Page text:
From 1943-45 the Germans made use of many hundreds of Italian tanks and SPGs in various ways and even exported dozens to Croatia.
            The best one was a version of the Semenovette that had added armor and the equivalent of the PaK 40, something they could and did use the same way as the StugIII.
            The Panzerwaffe in Italy must have been very self-sufficient, overall.

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            • #21
              I think the whole issue of the unreliability of British cruiser tanks is not understood particularly well. I have some original British reports of the performance of British cruiser tanks in the desert, and the A9 Cruiser Mk.I was considered satisfactorily reliable, the A10 Cruiser Mk.II was considered extremely reliable (and a very good tank indeed), and the A13 Cruiser Mk.IV was considered fairly reliable, though with issues with the suspension and air filters. One of the big advantages these tanks would all have had over the M13/40 was their three-man turrets, which made them easier to command in battle.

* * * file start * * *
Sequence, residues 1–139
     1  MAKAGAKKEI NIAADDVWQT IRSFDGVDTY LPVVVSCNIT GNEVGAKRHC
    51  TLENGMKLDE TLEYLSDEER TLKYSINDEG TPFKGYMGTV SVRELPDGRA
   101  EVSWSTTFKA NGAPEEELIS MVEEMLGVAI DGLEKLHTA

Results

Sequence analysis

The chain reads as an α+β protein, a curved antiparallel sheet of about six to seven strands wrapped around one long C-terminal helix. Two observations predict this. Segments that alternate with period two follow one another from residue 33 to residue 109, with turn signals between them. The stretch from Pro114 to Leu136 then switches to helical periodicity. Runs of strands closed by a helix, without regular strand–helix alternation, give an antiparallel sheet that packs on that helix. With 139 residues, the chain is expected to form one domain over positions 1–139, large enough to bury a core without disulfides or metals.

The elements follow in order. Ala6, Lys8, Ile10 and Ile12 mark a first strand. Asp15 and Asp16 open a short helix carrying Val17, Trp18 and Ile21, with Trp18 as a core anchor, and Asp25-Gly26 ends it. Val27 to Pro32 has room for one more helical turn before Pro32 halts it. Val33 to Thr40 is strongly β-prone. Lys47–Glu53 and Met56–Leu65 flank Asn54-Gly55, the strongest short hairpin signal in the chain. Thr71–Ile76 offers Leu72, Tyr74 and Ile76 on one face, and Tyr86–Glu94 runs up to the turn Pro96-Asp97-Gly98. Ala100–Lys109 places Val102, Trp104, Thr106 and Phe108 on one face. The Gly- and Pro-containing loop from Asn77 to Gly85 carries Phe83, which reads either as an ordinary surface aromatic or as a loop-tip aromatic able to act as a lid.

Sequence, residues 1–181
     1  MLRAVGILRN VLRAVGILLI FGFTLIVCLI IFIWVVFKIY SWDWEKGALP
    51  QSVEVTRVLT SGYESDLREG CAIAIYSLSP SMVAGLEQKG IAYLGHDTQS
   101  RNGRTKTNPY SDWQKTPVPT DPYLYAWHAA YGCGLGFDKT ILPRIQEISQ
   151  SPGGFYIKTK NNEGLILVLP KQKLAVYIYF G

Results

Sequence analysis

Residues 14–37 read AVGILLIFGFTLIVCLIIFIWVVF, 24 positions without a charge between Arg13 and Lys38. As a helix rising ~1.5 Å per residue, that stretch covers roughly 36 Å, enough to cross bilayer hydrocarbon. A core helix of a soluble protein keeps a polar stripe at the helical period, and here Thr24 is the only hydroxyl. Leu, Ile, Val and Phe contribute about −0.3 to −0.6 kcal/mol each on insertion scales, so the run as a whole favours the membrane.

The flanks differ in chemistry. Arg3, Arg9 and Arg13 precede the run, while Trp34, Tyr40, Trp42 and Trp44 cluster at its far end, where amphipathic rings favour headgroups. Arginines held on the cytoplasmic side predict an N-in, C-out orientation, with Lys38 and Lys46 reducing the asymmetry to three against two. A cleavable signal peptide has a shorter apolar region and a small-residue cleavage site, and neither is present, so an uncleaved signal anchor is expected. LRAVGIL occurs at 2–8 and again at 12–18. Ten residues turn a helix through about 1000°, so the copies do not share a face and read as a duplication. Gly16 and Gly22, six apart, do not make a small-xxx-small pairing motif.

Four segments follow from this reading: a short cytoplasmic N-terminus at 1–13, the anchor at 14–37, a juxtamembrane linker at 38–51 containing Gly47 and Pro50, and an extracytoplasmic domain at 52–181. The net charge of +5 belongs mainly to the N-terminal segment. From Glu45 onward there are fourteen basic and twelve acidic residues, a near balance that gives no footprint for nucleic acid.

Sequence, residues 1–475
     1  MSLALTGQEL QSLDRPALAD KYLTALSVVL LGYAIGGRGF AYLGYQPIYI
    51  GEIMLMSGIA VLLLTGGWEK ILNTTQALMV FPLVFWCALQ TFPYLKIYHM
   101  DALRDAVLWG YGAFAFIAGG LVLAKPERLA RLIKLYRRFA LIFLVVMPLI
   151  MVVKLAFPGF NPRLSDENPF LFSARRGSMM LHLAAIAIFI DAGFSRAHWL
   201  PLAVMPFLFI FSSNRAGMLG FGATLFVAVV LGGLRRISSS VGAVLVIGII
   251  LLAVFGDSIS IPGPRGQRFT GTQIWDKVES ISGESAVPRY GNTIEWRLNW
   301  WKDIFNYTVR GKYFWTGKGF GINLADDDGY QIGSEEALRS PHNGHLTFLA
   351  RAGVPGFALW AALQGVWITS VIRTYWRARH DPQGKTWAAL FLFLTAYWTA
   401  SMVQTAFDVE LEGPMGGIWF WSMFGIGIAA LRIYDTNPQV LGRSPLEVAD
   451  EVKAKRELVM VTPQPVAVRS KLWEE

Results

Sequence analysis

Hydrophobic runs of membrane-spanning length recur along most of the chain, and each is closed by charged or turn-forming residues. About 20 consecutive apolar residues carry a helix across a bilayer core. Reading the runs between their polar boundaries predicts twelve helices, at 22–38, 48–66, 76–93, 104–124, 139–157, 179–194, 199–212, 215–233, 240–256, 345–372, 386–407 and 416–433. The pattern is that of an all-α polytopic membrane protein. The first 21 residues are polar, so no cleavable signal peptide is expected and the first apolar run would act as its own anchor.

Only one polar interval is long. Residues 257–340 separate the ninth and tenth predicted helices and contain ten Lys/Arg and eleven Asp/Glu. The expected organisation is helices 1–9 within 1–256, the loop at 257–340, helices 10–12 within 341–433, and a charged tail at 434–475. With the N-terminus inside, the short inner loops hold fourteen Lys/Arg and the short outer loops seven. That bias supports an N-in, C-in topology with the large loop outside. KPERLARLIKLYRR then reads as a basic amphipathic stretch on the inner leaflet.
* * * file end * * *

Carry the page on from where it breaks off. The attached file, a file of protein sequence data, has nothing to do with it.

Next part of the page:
It was the A15 Crusader that was to prove consistently unreliable, more so than is generally appreciated, and this tank provoked much anger and bitterness within the War Office and Ministry of Supply. The Crusader was the only British tank of the war that was consistently unreliable in frontline service, and is the source of the myth that British tanks were inherently unreliable. Even then this has to be understood in the context that the British put a particular emphasis on reliability - their own intelligence indicated that the Crusader was no more unreliable than the Panzer III, for example, but being no better than the chief opponent was not considered good enough.